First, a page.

Healing in Uncertain Times


July 05, 2019

By Ken Rosenauer

John Wesley considered Communion “the grand channel whereby the grace of his Spirit was conveyed to the souls of all the children of God.”

Along those lines, it follows that the 2019 Annual Conference opened with Communion.

Bishop Bob Farr considered it “a healing moment and a chance to come together” in response to the special session of General Conference in St. Louis in February. He cited the healing in Acts 16, wherein Paul and Silas have been beaten with rods and then tossed into prison. At midnight an earthquake hits, all the cell doors open and the chains fall off the prisoners. Then, they convert the jailer, who takes Paul and Silas to his house and treats their wounds. All around, it’s a God-inspired experience, a truly healing moment.

And healing became the theme of opening worship — healing as well as adventure, with Bishop’s message titled “The Adventure of Uncertain Times.”

“It is good to see you and are we yet alive as a Missouri Conference?” Bishop Farr asked.

The chorus of a congregational song gave additional focus: “Make us one, now in this troubled, frightened hour.” And the prayer of confession noted, “We have closed our hearts to the hurt of one another.” Then, those gathered sang, “Christ, the church you gave now is broken.”

Point after point hammered home the emphasis. Bishop sought to give to this annual conference. 

Bishop Farr shared that he and his wife have been avid motorcyclists for the past 10 years, putting 25,000 miles on his three-wheeled Harley-Davidson trike. 

“I like an adventure. I like to do new things,” he told the 1,200 clergy, laity and guests gathered in the Springfield Expo Center. He observed that this year we’d be doing things differently, as evidenced by opening with a Communion service.

When he is out on his motorcycle, he is always pretty sure where he is going — though he admitted to being lost a time or two in the Mark Twain Forest. He could not say the same about the United Methodist Church right now.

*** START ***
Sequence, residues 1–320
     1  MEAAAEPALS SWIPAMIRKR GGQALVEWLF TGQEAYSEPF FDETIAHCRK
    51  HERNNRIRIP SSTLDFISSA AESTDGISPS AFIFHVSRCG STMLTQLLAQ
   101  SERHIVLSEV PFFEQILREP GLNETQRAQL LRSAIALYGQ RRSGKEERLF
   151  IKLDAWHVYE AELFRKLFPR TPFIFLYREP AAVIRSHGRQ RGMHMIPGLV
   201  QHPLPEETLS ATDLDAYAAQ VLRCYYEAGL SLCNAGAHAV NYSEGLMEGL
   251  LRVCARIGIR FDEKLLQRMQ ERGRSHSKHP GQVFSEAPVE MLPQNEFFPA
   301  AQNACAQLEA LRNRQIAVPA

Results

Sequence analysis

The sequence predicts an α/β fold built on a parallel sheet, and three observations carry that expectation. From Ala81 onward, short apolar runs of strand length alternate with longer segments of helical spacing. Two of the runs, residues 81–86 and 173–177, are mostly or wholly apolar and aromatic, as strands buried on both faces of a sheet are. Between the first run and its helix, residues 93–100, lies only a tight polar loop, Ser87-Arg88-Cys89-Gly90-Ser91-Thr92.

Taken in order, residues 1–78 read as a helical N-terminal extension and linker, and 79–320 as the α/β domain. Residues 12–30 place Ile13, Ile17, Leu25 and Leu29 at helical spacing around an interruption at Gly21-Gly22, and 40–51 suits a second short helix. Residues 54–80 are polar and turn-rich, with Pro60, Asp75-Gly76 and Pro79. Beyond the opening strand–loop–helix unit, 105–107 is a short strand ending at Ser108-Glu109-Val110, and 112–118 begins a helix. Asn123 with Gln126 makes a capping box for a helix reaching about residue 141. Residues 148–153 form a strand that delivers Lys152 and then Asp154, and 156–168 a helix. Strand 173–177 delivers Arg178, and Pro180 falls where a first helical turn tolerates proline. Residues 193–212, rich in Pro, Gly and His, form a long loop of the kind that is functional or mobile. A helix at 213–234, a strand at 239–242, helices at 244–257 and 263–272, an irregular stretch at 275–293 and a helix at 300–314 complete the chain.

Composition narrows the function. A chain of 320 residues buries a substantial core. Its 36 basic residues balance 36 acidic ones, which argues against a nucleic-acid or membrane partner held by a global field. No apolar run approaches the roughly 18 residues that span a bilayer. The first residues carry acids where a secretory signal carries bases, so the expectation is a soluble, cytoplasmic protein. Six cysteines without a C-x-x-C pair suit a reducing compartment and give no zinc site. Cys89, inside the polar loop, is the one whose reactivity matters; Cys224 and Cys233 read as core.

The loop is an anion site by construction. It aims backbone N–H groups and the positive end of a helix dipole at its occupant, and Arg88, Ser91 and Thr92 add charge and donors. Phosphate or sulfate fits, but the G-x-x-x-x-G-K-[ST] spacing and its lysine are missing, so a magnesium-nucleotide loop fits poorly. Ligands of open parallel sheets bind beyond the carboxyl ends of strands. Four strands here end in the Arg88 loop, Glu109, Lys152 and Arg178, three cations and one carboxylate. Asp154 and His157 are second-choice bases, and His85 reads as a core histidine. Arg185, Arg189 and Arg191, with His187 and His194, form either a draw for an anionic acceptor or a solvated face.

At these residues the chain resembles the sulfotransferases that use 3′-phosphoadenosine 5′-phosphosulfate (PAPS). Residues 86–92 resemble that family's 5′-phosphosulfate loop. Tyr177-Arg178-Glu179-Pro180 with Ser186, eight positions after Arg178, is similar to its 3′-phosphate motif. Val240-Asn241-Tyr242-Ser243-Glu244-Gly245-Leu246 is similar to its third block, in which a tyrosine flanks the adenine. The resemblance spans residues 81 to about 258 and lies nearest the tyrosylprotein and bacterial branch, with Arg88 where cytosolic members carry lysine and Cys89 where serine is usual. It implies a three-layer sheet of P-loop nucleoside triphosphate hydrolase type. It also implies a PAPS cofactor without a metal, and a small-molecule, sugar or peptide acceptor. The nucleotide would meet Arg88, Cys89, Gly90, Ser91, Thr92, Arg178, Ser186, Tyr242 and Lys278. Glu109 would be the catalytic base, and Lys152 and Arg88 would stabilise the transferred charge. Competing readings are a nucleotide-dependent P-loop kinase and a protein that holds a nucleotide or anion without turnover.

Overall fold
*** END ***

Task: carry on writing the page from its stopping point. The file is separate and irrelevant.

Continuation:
Yet, he prefers to see the current state of affairs as an adventure.

He shared one of his favorite Old Testament passages, from Isaiah 43. He gave special attention to verse 2: “When you’re in over your head, I’ll be there with you. When you’re in rough waters, you will not go down. When you’re between a rock and a hard place, it won’t be a dead end.”

He found it noteworthy that the conflicts at the special session of General Conference are not the first time God’s people have found themselves in a hard place. He asserted that no matter what plan was chosen back in February, someone would be hurt.

He is well aware that some of those attending this annual conference arrived black and blue, still hurting from the debates, confrontations and votes in St. Louis. He explained that one of the first things Paul and Silas did after being beaten and thrown into jail was to worship. 

He wanted delegates in Springfield to do likewise with an opening service of Communion.
 

In another allusion to Acts 16, he said that the United Methodist Church is having an earthquake. Earthquakes always cause damage. They always cause harm. They always cause disruption. 

“How could this happen?” he asked about the General Conference outcome. His initial response to the conflict was embarrassment. Yet, he cautioned, maybe we need an earthquake. Maybe an earthquake will make us change when we have tried to avoid change. He remains concerned, though, with how we will treat one another when we are broken. How will we treat each other?

It’s important to remember this is a marathon, not a sprint, Bishop Farr said. The United Methodist Church is in a deconstruction/reconstruction mode, and that may be timely and appropriate. 

Yet, he said, “we need to be careful not to knock out our Wesleyan beams” — those matters of faith and practice that make us who we are.

He plans to continue working with fellow bishops to let people hold whatever convictions they have. 

“How are we going to treat one another?” he asked. “As winners and losers? Or as fellow citizens of the kingdom of God?”

A hymn following communion echoed the theme: 

There is a balm in Gilead
to make the wounded whole.
There is a balm in Gilead
to heal the sin-sick soul.